August 16 2014 09:22AM
Folks, here at FlamesNation, you know we don't often use this space to shill or endorse things. Thus, when we do, you know it's probably for a good cause. This is one of those times. Our good friend Robert Vollman, who you all probably know and love for his excellent analytics takes, has written a book (along with some other great contributors). It's about hockey analytics, something near and dear to all of our hearts. You should buy a copy. And don't just take our word for it. Here's ga heart-felt discussion of the merits of Hockey Abstract 2014 by Mr. Vollman.
Oh, and Mr. Vollman was also on NHL Numbers' Log Off Podcast earlier this week discussing this tome for your listening pleasure.
Hockey Abstract 2014 is all about hockey analytics and their mainstream applications and limitations. It's a book that asks interesting questions, like who will be in the Hall of Fame, who is the best penalty killer, and what actually makes a good players good, and shows how objective statistical analysis can be used to help find the answers. More information is available over at Hockey Abstract.
It sounds like a great book, so why
haven't you heard about it before? Basically, because it's an
independent self-publication that isn't backed by a big media outlet.
That means that the only way to get this book into the hands of those
who would enjoy it most is through podcasts, websites, and
word-of-mouth. That's why Kent has invited me to share a preview, and
why I'm going to make my case here, despite the fact that humility
comes far more naturally to me than this kind of self-promotion.
First of all, if you're reading this far, you must have at least some interesting in a book on hockey analytics. If so, you may enjoy detailed explanations about how today's new statistics actually work, how they can be applied, and what their limitations are. You may also appreciate a handy reference for hard-to-find data, and for today's leading edge studies. It's also a heck of a fun read, and a great way to support the analytics community.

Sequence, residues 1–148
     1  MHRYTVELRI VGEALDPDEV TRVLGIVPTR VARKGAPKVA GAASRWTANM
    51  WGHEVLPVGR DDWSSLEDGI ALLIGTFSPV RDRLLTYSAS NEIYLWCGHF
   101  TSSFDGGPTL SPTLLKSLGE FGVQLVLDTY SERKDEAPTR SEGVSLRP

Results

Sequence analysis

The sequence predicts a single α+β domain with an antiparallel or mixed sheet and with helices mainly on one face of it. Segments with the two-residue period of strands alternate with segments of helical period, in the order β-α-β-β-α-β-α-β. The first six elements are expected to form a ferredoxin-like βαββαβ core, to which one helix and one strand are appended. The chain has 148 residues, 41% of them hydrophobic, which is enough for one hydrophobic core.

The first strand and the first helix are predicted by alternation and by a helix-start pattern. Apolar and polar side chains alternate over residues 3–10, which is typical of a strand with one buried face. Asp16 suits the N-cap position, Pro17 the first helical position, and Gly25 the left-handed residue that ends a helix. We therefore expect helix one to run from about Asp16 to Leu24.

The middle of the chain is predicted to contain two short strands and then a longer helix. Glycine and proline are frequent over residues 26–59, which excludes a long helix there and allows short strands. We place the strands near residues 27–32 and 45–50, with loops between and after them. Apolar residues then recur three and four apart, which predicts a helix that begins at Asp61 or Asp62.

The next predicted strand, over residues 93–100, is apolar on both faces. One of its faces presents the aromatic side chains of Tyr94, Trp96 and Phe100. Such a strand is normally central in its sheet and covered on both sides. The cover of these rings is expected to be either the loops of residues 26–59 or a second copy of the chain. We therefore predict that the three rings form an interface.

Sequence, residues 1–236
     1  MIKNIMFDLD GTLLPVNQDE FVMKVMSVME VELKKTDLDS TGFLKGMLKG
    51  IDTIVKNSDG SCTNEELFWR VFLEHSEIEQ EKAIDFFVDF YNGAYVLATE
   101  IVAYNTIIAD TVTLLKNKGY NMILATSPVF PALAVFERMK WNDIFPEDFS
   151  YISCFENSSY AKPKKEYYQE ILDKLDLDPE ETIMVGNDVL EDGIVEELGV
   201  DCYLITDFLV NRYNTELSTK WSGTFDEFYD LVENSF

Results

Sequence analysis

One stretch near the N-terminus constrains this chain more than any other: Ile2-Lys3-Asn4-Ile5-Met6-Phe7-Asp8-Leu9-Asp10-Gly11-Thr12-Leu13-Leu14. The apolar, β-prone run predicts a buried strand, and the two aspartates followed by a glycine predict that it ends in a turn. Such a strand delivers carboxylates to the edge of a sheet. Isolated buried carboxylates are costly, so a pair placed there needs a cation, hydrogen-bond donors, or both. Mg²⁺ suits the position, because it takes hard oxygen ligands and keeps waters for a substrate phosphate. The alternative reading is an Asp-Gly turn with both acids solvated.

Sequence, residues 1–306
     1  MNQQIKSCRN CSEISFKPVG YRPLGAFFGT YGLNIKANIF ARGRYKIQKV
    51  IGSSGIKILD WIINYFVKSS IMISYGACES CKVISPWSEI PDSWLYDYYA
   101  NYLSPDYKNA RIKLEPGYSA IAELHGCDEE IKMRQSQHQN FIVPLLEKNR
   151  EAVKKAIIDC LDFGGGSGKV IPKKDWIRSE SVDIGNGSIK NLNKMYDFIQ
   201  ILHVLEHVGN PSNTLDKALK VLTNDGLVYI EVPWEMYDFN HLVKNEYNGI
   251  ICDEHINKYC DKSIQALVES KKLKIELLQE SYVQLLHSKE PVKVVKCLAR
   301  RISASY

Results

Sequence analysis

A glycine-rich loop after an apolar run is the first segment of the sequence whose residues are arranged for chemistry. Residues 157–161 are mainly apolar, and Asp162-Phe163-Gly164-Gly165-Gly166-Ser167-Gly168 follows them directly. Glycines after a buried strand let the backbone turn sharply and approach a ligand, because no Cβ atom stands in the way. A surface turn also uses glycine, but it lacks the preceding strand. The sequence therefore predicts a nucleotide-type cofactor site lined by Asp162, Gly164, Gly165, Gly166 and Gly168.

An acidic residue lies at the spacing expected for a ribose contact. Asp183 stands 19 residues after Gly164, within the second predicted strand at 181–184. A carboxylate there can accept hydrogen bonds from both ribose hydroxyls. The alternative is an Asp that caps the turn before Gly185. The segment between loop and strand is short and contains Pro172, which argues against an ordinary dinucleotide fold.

On the flip side, the most obvious reason to take a pass on buying this book is because of all the free content available online. With great sites like this, and statistical databases like Behind the Net and Extra Skater, all available for free, why buy a book?
That's an awfully good question, I'll admit. First of all, it can sometimes be a hassle to wade through all the various websites and articles. It isn't always easy to find the truly fascinating and ground-breaking work, and even when you do, sometimes it can be hard to locate the necessary background information. At the very least, this book organizes a lot of that information into a single place.
Indeed, some readers enjoy Hockey Abstract primarily as a reference to all of the latest studies, including over 150 references to work of over 50 authors. While the work of some analysts are well-promoted, there's some amazing work being done by more obscure statisticians, including those who have specialized in specific areas.
For example, did you know that Rob Pettapiece studied how AHL goalies fared against NHL-calibre opponents? Or that Brian MacDonald (now of the Panthers) developed a playmaking metric? Or how about Paul Busch's “Dirty Rat Penalty Minutes” statistic, and how it can be used to determine the value of enforcers? One of the greatest appeals of Hockey Abstract is how it covers some new ground, and studies interesting questions from as many different perspectives as possible, and not just the prevailing consensus approach of the day.
Furthermore, online pieces normally need to be kept short, but the format of a book allows analysts to go into additional detail. With the additional space, there's no need for the writer to rush any particular point, allowing us to develop our thoughts in full, exploring all the applications and limitations in detail, and in a variety of ways (e.g with words, charts, tables, and examples). For example, you may have achieved a cursory understanding of score effects, or a high-level familiarity with the shot quality debate, but this book allows you to get right into the meat of it.